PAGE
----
Those familiar with Moulmein Road in the days of Moulmein Green would remember the old Middleton Hospital and its iconic gatehouse. The landmark entrance-way stood for over 70 years before “progress” swallowed it up in the 1980s. Progress, which came in the form of road realignment and widening as part of the construction of the Central Expressway (CTE), saw also to the demise of Moulmein Green – one of at least a couple of roundabouts that were named “Green” (the other was Finlayson Green).  

The gatehouse with the black lion crest on it and a bit of Moulmein Green in the foreground.

The gatehouse provided both the hospital and the area with an identity that went beyond being a physical presence. It was the hospital’s black lion crest, which was on prominent display on the house, that the area’s name in the Hokkien vernacular came from.

The black lion – seen at the entrance of the former CDC.

The structure’s disappearance came at about the same time that Middleton, a name that the infectious diseases hospital was known as for 75 years, was also lost. Morphing in Tan Tock Seng Hospital’s Department of Communicable Diseases in 1985 and in 1992 the Communicable Diseases Centre (CDC) however, did not stop the former hospital from being in the news. It was a key component in the health plan drawn up in early days of the AIDS epidemic that saw a dedicated AIDS ward set up in April 1986. The CDC, which for a period of 3 years until 1995 functioned independently of Tan Tock Seng Hospital,  has also been at the forefront in the battle against several other high-profile disease outbreaks, such as the 2003 SARS epidemic.

Structures belonging to the former Middleton Hospital.

The absence of the gatehouse has also allowed a much clearer view of the centre’s expansive grounds and the quaint old structures seen on it. The sight is one that is increasing rare in Singapore and provides a glimpse of what could be thought of as an old-fashioned bit of Singapore that we should be thankful to the continued operation of the CDC for.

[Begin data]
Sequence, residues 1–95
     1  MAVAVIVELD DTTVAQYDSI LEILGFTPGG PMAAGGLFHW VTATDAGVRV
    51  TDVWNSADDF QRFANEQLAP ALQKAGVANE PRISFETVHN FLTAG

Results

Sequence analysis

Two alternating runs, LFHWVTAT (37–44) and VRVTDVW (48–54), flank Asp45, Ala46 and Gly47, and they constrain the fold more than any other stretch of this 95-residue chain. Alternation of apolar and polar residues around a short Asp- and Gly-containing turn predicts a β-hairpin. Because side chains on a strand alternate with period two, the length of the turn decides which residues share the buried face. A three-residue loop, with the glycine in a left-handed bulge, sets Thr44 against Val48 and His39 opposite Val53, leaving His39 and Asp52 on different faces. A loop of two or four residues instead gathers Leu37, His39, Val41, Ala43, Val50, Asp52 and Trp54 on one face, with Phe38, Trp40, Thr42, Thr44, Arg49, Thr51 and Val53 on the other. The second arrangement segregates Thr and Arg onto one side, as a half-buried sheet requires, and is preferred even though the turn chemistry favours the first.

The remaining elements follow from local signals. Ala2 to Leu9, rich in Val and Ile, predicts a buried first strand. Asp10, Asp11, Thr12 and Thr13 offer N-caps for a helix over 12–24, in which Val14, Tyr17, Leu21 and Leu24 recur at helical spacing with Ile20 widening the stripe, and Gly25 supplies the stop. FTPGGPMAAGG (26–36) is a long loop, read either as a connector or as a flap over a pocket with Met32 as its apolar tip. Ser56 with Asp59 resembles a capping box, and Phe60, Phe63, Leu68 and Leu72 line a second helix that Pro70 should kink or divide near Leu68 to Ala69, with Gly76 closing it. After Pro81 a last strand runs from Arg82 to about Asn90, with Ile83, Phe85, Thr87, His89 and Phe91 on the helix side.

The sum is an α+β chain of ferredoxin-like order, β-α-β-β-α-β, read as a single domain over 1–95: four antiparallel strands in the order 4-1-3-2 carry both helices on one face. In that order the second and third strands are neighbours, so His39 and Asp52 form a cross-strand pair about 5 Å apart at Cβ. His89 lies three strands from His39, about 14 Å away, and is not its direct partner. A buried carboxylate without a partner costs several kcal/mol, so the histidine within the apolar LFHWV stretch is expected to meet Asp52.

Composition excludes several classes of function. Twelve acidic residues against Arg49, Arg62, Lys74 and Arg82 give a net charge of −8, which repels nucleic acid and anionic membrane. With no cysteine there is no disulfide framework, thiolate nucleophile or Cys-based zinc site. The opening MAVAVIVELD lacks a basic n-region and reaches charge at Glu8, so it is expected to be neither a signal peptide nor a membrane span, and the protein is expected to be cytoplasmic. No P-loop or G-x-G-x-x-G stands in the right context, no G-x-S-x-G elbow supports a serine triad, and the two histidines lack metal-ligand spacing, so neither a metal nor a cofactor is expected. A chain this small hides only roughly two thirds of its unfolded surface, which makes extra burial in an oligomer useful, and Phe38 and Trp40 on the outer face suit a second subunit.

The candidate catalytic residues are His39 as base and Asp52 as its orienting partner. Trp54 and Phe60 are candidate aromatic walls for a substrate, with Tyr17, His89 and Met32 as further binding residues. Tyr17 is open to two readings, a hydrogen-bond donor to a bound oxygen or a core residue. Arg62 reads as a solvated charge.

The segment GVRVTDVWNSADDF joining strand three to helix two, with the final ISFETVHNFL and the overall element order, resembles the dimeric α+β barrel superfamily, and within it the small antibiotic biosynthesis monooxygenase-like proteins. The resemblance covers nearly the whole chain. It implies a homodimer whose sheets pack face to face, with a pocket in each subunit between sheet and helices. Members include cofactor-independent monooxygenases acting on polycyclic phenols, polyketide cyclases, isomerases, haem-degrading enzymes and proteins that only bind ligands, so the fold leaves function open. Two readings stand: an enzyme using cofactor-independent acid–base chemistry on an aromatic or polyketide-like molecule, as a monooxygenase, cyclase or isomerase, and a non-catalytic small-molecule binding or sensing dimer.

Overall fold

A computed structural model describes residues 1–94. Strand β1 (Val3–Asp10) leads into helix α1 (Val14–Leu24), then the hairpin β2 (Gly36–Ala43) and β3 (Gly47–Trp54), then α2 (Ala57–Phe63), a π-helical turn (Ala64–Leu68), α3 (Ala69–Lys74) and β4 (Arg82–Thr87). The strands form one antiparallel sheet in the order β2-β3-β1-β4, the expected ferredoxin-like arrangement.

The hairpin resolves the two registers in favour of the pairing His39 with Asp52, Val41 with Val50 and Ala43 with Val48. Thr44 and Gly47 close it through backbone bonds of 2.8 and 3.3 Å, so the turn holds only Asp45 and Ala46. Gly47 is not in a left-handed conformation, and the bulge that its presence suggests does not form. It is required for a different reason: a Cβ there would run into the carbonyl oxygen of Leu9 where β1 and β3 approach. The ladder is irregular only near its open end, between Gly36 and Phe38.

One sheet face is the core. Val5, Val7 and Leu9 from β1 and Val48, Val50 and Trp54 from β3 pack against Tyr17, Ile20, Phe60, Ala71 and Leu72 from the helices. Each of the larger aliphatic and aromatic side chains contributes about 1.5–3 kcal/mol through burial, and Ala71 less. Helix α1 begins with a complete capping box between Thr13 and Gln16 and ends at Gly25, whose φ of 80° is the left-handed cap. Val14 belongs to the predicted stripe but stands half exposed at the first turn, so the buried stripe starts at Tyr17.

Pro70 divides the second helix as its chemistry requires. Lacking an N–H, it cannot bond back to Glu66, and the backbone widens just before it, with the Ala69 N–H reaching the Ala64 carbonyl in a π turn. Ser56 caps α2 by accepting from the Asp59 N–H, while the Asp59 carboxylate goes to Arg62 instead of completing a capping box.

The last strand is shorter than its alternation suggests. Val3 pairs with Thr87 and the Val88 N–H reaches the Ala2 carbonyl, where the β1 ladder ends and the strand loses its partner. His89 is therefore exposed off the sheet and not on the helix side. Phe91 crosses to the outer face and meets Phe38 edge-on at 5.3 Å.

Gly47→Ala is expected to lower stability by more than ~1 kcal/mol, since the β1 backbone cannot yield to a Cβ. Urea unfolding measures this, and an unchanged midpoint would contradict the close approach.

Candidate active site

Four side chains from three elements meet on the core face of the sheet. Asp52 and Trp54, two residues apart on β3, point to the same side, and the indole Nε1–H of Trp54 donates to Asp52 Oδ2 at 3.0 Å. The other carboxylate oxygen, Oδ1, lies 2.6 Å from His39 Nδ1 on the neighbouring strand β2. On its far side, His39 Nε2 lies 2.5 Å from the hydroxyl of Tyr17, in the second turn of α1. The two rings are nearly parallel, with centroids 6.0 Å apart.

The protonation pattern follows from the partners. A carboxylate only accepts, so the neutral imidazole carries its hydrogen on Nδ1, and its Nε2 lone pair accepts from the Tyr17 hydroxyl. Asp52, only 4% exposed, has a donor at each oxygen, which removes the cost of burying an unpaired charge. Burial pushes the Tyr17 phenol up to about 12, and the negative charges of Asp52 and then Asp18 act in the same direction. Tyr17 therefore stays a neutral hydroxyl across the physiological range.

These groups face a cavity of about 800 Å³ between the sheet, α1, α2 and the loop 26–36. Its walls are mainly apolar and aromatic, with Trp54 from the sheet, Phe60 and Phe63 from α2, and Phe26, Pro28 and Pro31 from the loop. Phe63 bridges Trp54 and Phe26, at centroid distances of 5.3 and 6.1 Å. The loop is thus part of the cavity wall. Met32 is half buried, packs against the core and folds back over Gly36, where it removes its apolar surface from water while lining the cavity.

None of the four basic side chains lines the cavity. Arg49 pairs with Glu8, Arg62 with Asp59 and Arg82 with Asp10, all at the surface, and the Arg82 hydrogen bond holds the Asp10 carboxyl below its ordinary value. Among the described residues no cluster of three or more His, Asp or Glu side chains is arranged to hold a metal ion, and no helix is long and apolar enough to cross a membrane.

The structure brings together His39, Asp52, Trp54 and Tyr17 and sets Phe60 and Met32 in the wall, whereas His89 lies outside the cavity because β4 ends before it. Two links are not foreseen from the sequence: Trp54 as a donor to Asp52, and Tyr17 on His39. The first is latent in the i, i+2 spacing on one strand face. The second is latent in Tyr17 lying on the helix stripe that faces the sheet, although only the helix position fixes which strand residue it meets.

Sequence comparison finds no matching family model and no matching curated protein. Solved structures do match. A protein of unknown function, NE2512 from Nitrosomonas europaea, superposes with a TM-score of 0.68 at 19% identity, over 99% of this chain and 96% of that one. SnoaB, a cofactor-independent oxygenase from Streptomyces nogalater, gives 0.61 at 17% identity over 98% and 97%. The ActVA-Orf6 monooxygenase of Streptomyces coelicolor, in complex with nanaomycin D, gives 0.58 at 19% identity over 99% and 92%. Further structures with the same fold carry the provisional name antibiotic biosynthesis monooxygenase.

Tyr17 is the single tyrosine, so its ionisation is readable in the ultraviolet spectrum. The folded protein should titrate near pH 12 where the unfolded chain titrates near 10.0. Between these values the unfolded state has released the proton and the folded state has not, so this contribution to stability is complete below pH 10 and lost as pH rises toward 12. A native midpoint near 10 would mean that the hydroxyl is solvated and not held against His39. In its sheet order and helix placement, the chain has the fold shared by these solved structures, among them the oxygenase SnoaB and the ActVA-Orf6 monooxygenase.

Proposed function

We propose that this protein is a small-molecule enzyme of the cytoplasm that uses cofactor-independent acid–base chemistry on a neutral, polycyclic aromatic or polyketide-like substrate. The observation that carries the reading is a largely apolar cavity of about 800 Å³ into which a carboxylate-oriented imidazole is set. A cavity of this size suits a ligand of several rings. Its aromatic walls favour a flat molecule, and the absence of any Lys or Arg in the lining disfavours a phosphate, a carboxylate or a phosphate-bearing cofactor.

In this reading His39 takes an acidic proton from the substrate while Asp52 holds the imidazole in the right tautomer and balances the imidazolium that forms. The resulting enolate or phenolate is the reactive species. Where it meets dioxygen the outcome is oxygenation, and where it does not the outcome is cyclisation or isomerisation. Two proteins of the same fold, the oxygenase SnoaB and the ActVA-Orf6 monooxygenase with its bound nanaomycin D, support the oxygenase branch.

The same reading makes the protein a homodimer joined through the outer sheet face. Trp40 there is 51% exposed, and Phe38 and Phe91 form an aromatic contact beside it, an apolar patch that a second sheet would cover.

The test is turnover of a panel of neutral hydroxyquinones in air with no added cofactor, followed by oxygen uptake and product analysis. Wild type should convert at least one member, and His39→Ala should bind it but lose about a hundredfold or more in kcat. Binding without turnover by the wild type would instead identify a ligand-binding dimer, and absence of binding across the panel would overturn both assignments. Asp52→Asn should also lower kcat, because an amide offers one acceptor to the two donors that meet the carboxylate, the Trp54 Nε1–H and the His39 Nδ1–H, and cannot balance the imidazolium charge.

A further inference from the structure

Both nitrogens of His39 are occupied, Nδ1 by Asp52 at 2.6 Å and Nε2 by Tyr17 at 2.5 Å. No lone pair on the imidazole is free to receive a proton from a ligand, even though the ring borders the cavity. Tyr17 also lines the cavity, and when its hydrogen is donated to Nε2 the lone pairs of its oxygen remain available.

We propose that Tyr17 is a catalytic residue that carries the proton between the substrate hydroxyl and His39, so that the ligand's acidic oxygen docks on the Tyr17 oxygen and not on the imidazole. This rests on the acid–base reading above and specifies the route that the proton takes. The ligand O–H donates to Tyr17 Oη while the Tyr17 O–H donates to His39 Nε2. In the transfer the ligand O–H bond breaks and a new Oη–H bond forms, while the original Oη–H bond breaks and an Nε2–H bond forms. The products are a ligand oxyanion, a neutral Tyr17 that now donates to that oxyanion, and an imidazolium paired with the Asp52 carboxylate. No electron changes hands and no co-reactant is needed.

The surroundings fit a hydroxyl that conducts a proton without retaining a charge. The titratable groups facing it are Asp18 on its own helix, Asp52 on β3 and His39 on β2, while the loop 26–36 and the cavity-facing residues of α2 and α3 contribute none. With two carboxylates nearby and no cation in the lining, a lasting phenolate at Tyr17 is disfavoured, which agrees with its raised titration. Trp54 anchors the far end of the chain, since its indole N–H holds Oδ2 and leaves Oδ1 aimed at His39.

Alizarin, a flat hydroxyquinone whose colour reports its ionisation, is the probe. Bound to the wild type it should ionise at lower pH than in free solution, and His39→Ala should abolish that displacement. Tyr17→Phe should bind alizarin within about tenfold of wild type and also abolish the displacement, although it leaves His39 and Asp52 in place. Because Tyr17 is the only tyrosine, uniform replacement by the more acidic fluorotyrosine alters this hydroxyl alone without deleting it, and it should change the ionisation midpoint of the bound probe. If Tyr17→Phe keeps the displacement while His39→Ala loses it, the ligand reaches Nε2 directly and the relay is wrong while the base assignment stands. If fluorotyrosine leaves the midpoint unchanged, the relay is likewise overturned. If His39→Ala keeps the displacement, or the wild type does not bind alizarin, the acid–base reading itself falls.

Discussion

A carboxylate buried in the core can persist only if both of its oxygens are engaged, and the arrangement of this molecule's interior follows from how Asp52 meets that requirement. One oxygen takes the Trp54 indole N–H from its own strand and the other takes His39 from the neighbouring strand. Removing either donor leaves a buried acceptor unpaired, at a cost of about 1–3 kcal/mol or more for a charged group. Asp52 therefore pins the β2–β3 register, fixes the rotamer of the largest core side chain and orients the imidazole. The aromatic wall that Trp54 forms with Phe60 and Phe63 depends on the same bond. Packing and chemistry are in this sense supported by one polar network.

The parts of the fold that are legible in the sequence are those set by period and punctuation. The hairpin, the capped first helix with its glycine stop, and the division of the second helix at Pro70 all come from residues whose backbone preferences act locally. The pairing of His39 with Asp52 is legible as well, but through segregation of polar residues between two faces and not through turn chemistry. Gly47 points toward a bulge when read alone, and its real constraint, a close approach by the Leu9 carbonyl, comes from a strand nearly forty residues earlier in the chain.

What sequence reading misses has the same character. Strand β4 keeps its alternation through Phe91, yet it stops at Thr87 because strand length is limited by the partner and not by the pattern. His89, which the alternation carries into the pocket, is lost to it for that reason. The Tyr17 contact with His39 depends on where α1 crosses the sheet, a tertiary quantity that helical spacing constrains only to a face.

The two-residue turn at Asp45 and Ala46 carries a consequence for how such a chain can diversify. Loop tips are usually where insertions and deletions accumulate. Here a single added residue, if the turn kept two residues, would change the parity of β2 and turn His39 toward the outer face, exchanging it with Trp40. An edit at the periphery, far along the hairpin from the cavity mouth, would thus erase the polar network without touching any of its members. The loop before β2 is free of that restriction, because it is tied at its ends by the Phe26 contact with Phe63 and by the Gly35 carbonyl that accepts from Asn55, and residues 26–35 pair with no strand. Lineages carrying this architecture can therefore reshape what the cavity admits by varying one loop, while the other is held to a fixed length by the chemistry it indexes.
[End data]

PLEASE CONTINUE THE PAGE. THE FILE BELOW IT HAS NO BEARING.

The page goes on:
The old laundry.

It was an old-fashioned and a very different Singapore into which the former hospital came into being. With many in the already overcrowded municipality’s rapidly increasing urban population living in quite insanitary conditions, the urban centre was rife with highly contagious and often deadly diseases. Containing the spread of them, especially among the largely ignorant townsfolk, posed a huge challenge. 

The wards of the new Tan Tock Seng Hospital. Overworked medical staff from the hospital, which was also in Balestier Road before moving to their new site at Moulmein, provided care for the poor also attended to patients at the smallpox hospital and quarantine camp.

The former hospital’s origins can be traced back to a smallpox hospital that was established in the early 1870s at Balestier Plain (where the Singapore Singapore Indian Association and its sports fields are now located). This was expanded with a quarantine camp to isolate and confine “natives” afflicted with other infectious diseases on an adjacent site. Overworked doctors from nearby Tan Tock Seng attended also to patients at the camp.

An 1893 Map showing the Smallpox Hospital and also a Leper Asylum in Balestier Plain (National Archives of Singapore).


A 1905 Map showing the smallpox hospital and the infectious diseases ward (National Archives of Singapore).

By the turn of the last century, it became apparent that the hospital/quarantine camp “was unfit to meet the requirements of a large population liable to epidemics of smallpox and cholera and, to a less extent, of plague”. In 1905, plans were put forward by the Municipal Commission to erect an Infectious Disease Hospital at Moulmein Road. This would also provide wards for Europeans (not without objection), as well as “better class natives”. It wasn’t however until 1911 that work on a scaled-down version of the new hospital began in earnest.